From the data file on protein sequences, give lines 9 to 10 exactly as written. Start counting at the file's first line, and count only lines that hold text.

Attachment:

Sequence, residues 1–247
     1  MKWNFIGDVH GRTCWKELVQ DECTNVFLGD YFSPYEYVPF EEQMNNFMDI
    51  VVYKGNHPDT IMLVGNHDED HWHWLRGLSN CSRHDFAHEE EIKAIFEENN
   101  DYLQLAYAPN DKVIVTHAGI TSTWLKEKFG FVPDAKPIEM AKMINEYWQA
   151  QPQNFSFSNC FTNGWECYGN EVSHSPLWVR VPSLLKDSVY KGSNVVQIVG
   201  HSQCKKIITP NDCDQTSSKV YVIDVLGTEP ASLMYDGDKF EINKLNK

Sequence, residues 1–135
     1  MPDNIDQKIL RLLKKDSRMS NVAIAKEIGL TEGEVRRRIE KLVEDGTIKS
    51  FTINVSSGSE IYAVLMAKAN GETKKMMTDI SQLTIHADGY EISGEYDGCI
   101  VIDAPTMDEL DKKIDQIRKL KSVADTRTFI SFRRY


    51  FTINVSSGSE IYAVLMAKAN GETKKMMTDI SQLTIHADGY EISGEYDGCI
   101  VIDAPTMDEL DKKIDQIRKL KSVADTRTFI SFRRY